Two arguments had traction: Helping the few (with a better environment, not academically) and leaving the rest behind was a concern. Further degrading the public schools by "skimming" of the "best and brightest" through vouchers was another.

    Timing was a factor. If the House vote had quickly followed the vote in the Senate - where 20 of the 22 Republicans voted "yes" - the measure probably would have sailed through the House. But with a week to respond, education groups (all of them, not just teachers) had time to lobby the House.

    SB 2494 provided a textbook case on lobbying (it's not really a bad word), and the debate was one of the most dramatic in recent memory.

    House ready for pension bonds vote

    After rejecting a plan favored by Gov. Pat Quinn to give the state's pension systems a $1.9 billion IOU for FY 2011 and borrowing about the same amount, the House decided Wednesday to borrow it all.

    On a 61-56 mostly partisan vote, the House adopted Amendment 3 to SB 3514, which would authorize a $4.1 billion bond issue. A third reading vote is likely today. Senate concurrence should follow quickly.

    Republicans railed against increasing state debt, but Rep. Barbara Currie (D-Chicago) challenged them to say where to cut $4 billion from the state budget, a necessity if the pension funds are not borrowed.

    "Where's your list" of cuts, she demanded, after reminding the Republicans that they have been in session since January. The GOP has opposed a tax increase and borrowing, but they have not offered any specific proposals to cut spending.

    April COGFA report depressing

    The FY 2011 budget being crafted is based on fiscal reports that just get darker by the month. A report by the Commission on Government Forecasting and Accountability for April contained more bad news.

    Illinois seems to be resisting economic recovery in employment, consumer spending and, especially, in revenue flowing to the state.

    While revenue through April was up $198 million, "if $1.411 billion in gains from federal sources is excluded, all other revenues are off a staggering $1.213 billion," COGFA said. "Virtually all revenue sources have felt the recession's impact...."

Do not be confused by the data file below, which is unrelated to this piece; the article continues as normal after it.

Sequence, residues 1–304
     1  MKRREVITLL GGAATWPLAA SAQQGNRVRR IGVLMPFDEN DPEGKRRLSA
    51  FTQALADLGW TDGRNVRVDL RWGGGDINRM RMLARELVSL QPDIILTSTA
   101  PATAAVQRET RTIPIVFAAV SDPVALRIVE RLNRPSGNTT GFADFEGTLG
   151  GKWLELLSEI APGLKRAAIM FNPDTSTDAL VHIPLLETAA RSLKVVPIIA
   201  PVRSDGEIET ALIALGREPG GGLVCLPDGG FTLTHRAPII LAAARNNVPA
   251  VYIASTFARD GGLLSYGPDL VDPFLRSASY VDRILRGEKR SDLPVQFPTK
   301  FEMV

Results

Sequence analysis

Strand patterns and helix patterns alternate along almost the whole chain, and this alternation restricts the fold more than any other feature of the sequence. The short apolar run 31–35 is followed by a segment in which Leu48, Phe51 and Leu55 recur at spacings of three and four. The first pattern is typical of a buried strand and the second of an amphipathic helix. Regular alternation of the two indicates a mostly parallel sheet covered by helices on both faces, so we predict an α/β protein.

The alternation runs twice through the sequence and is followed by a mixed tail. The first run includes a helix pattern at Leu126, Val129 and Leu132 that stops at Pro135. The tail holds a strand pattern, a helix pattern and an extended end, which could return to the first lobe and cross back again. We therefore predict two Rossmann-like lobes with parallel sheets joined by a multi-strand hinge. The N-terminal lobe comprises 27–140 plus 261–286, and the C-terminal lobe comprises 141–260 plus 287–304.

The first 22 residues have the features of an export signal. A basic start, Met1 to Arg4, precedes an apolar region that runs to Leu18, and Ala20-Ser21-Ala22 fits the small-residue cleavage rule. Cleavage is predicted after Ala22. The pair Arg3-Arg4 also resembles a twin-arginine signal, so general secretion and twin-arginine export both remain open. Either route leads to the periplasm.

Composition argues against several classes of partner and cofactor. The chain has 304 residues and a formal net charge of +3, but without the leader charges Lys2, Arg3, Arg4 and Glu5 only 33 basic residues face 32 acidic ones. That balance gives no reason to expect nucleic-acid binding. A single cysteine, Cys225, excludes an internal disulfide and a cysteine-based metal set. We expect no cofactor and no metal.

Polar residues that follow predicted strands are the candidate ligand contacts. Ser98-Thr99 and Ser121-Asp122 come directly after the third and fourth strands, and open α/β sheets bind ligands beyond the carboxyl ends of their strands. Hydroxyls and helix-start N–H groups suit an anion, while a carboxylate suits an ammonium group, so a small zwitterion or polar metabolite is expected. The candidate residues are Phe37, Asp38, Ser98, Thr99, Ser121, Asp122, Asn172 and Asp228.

"Through April, gross personal income tax has fallen $697 million, or $629 million net of refunds. Sales tax receipts are off a disastrous $461 million, while gross corporate income tax is down $382 million, or $315 million net of refunds. Inheritance tax has declined by $51 million and public utility taxes by $84 million. All of the other revenue sources net an additional decline of $47 million."

    Special ed 'hold-harmless' considered

    In spite of currently dismal state revenue figures, an effort is under way to get $17.1 million in FY 2009 supplemental appropriations to hold school districts and special education cooperatives "harmless" from the effects of a special education funding change.

    A few years ago, support for "extraordinary" special education costs was converted to grants based on student enrollment. Subsequently, programs with large extraordinary expense claims would have had huge deficits without hold-harmless dollars.

    As an amendment to HB 2270, Sen. Gary Forby (D-Benton) seeks to continue such funding this year. Forby is a tenacious legislator and often succeeds in difficult situations, but this will be a challenge.

    Surcharge for capital construction

    Because more than 50 cities and five counties opted out of video gambling that the state relied on heavily to pay debt service on the $31 billion capital program enacted in 2009, another way of tapping gambling interests' revenues is under consideration.

    House Amendment 2 to SB 3146 would impose a surcharge on the sale or exchange of capital assets owned by license holders under Illinois horse racing and riverboat gambling laws. The bill is sponsored in the House by Rep. Will Burns (D-Chicago).